📷  A blue dusk elephant fight in Zimanga Private Game Reserve, South Africa © Andreas Hemb (Photographer of the Year 2018 Top 101)

Elephants are the heaviest land mammals, at 4-7 tons, and the second tallest land mammal (behind the giraffe) at 3.1 to 3.4 metres at the shoulder. The largest elephant on record weighed 10.9 tons and was 3.9 metres at the shoulder.

📷  “Eyes only for you” – two rescued adolescent elephants at David Sheldrick Wildlife Trust’s Elephant Orphanage, Nairobi, Kenya © Poulomee Basu (Photographer of the Year 2018 entrant)

Elephants communicate in a low-frequency soundwave of which the majority is below our hearing spectrum. The hungry tummy rumble is the portion of the sound that we can hear. However, it has been suggested that there are over 23 different vocalisms – of which 80% are used exclusively by the cows.

📷  “Majestic elephant bull” in Etosha National Park, Namibia © Annemarie du Plessis (Photographer of the Year 2017 Finalist)

“A lonely elephant bull appeared on the horizon in Etosha, approaching the Newbrownii waterhole. The closer the bull got to the waterhole, the more majestic he towered above the herd of springbok and other game at the waterhole… I knew I had to get to the waterhole’s viewpoint! But there was no time! I suddenly realised that I was in the perfect place to take the shot. The contrast between the white-dusty elephant and clear blue Etosha skies contributed to an awesome shot.” ~Annemarie du Plessis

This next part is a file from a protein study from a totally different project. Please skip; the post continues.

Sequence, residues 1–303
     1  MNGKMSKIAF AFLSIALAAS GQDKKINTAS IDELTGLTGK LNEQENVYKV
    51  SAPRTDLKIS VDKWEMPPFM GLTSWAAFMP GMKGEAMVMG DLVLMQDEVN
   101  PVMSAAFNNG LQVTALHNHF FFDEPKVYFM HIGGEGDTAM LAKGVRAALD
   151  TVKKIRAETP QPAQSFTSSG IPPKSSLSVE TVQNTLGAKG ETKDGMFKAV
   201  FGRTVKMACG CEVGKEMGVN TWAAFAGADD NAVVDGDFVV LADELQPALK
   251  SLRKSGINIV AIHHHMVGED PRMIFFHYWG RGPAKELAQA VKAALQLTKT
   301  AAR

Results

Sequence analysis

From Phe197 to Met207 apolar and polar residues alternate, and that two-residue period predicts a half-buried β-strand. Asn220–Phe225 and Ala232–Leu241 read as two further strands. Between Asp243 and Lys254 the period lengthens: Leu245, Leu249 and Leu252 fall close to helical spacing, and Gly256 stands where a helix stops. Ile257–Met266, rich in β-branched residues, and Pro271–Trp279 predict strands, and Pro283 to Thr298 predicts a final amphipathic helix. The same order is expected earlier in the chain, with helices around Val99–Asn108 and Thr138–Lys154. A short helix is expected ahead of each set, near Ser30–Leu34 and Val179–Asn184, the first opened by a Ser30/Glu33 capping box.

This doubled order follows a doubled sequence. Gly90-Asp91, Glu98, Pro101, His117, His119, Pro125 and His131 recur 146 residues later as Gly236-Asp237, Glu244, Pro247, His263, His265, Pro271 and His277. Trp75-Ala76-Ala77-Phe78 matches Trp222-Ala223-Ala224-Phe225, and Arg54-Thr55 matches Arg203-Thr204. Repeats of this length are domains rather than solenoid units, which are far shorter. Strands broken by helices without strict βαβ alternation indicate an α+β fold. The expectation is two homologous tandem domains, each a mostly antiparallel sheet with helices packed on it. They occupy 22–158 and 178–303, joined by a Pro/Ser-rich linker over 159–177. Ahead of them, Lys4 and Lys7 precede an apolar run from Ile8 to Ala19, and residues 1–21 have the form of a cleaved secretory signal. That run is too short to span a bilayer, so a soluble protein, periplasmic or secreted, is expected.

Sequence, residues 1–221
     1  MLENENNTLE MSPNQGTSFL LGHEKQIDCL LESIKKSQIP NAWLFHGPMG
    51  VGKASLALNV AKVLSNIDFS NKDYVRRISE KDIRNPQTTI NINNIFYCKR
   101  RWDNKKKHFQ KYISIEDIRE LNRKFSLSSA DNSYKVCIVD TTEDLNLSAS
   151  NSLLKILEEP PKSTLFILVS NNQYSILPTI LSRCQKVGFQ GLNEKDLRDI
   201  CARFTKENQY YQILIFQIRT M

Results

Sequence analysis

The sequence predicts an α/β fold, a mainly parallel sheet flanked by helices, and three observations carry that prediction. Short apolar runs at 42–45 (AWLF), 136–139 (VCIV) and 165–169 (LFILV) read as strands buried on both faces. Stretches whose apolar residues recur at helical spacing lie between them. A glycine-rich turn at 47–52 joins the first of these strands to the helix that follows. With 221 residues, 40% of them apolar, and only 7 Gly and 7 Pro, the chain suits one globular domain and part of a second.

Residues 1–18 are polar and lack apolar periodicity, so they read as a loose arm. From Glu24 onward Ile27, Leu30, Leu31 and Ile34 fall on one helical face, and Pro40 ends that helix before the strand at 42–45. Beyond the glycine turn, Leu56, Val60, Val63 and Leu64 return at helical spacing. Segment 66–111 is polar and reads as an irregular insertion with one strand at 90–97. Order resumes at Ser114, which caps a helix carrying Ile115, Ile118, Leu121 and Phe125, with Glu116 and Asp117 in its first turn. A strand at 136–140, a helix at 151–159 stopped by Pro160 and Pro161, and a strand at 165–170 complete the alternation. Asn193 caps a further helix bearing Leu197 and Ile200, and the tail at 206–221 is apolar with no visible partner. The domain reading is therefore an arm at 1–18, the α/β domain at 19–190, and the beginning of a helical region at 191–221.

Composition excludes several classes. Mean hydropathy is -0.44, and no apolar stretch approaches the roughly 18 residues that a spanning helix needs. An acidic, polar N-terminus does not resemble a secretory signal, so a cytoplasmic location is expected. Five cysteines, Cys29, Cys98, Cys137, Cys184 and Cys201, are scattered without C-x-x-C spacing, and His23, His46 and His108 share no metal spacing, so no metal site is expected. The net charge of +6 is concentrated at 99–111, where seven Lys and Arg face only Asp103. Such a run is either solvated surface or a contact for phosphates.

📷  An elephant rests its trunk on its tusk in Addo National Park, South Africa © Prelena Soma Owen (Photographer of the Year 2018 entrant)

Elephants are either left or right ‘handed’. They are born not knowing how to use their trunks and learn as they grow. Like humans, they show a preference between grasping objects to the left or right. You can tell which side elephants prefer – tusks are shorter on the preferred side (because they get worn down more on that side).

📷  “The long march” in Amboseli National Park, Kenya © Paolo Torchio (Photographer of the Year 2018 entrant)

“For the majority of the year, Lake Amboseli is an immense, flat, arid land. Nothing can grow on it, and under the African sun, the temperature during the day can be unbearable. So many times, while driving along that desert land, I dreamt of seeing the elephants that are forced to cross the desert to reach the Amboseli swamp and the freshwater from Mount Kilimanjaro. And one day it happened. Far away, like a mirage, I saw a long line of pachyderms slowly marching through the heat waves. I carefully approached them, and I finally took the shot I was looking for, in the incredible silence of the dusty desert.” ~ Paolo Torchio